My good friend Al, who I mentioned earlier this week, recently became a dad for the first time at age 41.
He’s brave to get started at that age. I thought I was a little on the old side when my son was born, and I was only 32. Those sleepless nights hit you a lot harder the older you get.
But I digress.
In honor of Al’s newborn daughter, I’m going to answer some common financial questions for parents or grandparents of young children. If you’re the responsible sort who likes to plan. This one is for you.
Should I Save for College in a 529 Plan or Something Similar?
The short answer is “yes.”
The longer answer is a bit more nuanced.
If you have excess cash on hand, then, by all means, open a 529 college savings plan, particularly if the kid is young. 529 plans are similar to a Roth IRA or 401(k) plan in that there is no immediate tax break for the contribution, but all capital gains, dividends, and interest grow tax free and enjoy tax-free withdrawals — as long as they withdrawals are used for qualified educational expenses. The younger the kid, the more that tax-free compounding matters.
So, if you’re considering sheltering from the global financial crisis, and investing in gold or silver, you can start by selling gold bullion bars at City Gold Bullion, because it helps investors like you insulate your wealth from the ravages of the global financial system, government intrusion and those dicey fiat currencies.
If the kid is already a teenager and starts college in a couple of years, there’s not a lot of value in stuffing the cash into a 529 plan, as you’re just going to be taking it out again in short order.
But let’s say you’re starting early. Even then, I’d argue that investing in a 529 plan only makes sense if you’re already maxing out your 401(k) or any other retirement plan.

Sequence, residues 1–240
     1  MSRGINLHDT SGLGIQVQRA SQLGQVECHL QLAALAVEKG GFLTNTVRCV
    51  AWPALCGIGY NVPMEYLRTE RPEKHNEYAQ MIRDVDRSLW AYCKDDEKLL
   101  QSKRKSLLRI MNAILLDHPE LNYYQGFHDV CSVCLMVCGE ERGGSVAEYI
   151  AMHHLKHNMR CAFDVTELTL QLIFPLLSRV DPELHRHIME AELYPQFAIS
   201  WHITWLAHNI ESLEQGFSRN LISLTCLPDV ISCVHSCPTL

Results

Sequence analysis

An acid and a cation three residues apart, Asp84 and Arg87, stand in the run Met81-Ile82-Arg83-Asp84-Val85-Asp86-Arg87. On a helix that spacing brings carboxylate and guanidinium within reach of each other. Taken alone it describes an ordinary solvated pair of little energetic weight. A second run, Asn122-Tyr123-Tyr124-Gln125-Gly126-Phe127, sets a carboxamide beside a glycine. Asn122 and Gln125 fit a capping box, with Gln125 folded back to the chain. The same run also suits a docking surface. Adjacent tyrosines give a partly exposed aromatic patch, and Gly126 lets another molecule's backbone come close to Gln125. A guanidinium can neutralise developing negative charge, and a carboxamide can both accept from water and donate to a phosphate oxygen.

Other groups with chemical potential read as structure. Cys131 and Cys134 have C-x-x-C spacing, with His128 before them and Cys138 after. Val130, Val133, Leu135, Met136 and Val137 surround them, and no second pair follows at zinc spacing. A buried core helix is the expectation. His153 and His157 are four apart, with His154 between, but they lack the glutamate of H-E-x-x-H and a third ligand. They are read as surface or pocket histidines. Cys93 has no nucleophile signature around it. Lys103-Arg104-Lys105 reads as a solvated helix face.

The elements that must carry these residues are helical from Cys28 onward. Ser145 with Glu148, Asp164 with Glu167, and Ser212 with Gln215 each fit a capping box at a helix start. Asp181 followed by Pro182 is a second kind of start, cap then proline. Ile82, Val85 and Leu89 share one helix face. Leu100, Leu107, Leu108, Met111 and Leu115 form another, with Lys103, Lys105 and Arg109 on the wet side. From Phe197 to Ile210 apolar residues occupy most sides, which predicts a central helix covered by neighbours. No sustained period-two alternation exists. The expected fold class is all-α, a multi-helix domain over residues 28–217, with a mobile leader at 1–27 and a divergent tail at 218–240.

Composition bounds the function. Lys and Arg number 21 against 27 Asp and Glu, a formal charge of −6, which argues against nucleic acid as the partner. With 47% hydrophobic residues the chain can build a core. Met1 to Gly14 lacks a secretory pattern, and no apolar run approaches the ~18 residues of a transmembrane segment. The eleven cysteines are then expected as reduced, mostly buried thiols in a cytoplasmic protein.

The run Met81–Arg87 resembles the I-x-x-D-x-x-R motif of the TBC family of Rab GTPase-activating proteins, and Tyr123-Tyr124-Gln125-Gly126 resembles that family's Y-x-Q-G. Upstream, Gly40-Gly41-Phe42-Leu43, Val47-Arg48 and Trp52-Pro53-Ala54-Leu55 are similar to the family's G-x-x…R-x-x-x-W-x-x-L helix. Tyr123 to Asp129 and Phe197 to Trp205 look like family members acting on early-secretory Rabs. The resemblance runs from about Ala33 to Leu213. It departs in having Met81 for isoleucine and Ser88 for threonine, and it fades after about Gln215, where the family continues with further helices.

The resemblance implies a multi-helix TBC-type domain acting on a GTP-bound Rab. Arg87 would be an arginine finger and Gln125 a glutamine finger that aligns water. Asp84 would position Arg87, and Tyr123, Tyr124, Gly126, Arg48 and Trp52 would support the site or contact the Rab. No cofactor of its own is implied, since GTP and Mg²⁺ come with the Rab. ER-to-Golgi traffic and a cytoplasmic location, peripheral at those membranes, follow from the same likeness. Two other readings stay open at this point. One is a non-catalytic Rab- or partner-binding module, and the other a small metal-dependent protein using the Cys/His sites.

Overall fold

Your 401(k) plan gives you an immediate tax break, giving you more cash today to invest and compound. If you save diligently early, you won’t need to save as aggressively later in life because time was on your side.
I wrote about this in 2018, revisiting Richard Russell’s classic piece “Rich Man, Poor Man.”
Russell showed that a young worker who invested $2,000 per year in his IRA starting at age 19 and stopping at age 25 would end up with a larger portfolio in retirement than a worker that started investing $2,000 per year at age 26 and continues to do so until age 65. If you don’t believe me, check the math.
By the time your kids are in college, you’ll presumably be at the peak of your career, earning more money than you were when they were born. You’ll be in a better position to help them out of current cash flows. They would also presumably have access to student loans, which you could help them pay back if you wanted.
Under current tax rules, you can also take penalty-free distributions from an IRA or Roth IRA to pay for educational expenses, though not from 401(k) plans. I don’t necessarily recommend you do that, but it’s an option if you need it.
So, again, you should absolutely contribute to a 529 college savings plan if you have the cash flows to do it. But this only makes sense if you’re already maxing out your 401(k) plan.